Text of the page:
NR>1{ $1=FILENAME }                  # replace the first field with filename
  1                                    # print record
' bcc1_45Fall_10010002.csv | column -t
HUC8                  YEAR  RO_MM
bcc1_45Fall_10010002  1961  74.7
bcc1_45Fall_10010002  1962  69.1
bcc1_45Fall_10010002  1963  52.0
bcc1_45Fall_10010002  1964  130.7
bcc1_45Fall_10010002  1965  32.2
bcc1_45Fall_10010002  1966  85.4

You could run this in a shell loop to save the modified files to directory modified_files:

mkdir modified_files &&
for i in *.csv; do
  awk 'NR==1{ sub(/\.csv$/, "", FILENAME) } NR>1{ $1=FILENAME }1' "$i" |
    column -t > "./modified_files/$i"
done

If you need to replace column HUC8 and this is not the first column, change the code to this:

awk -v search='HUC8' '
  NR==1{
    for(i=1;i<=NF;i++)
      if ($i==search){ fld=i; sub(/\.csv$/, "", FILENAME); break }
  }
  NR>1{ $fld=FILENAME }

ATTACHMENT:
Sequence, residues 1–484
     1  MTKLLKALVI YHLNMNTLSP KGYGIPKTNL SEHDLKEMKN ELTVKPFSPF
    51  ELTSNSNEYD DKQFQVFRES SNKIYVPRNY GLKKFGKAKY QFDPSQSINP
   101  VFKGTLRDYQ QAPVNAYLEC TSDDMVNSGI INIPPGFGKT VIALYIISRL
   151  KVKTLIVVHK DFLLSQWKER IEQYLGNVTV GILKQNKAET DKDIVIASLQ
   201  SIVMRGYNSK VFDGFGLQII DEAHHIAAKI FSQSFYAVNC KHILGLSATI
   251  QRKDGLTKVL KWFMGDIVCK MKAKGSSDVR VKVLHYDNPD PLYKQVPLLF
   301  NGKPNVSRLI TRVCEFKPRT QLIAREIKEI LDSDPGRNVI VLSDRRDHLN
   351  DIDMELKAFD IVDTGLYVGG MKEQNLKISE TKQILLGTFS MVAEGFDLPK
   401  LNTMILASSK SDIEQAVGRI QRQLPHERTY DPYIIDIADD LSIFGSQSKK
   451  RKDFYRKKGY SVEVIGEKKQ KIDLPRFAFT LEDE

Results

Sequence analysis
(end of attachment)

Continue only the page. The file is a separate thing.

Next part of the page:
1
' file.csv | column -t
8
  • Wow. This sounds like just what I want. I will perform it on a test folder first, of course, but would you be so kind as to explain it a little more? I tried googling NR and it said it was the number of read-write operations? This doesn't help me understand what I'm doing. You have commented the code well, I just don't know the commands and would like to learn. Thanks! May 27, 2021 at 0:46
  • Freddy - @Freddy -it worked GREAT for replacing the info in the "HUC8" column. Unfortunately, it deleted all the info in both other columns (but kept the headers). Simple fix? May 27, 2021 at 1:12
  • NR is the input record number that is currently processed in AWK, i.e. the line number, NF (used in the second example with the loop) is the number of fields of the current record/line and FILENAME is obviously the name of the current input file (see Built-in Variables in the GNU Awk manual). The sub(...) is a string function for text replacement and fields (columns) are prefixed with a $, i.e. $1 is the first field.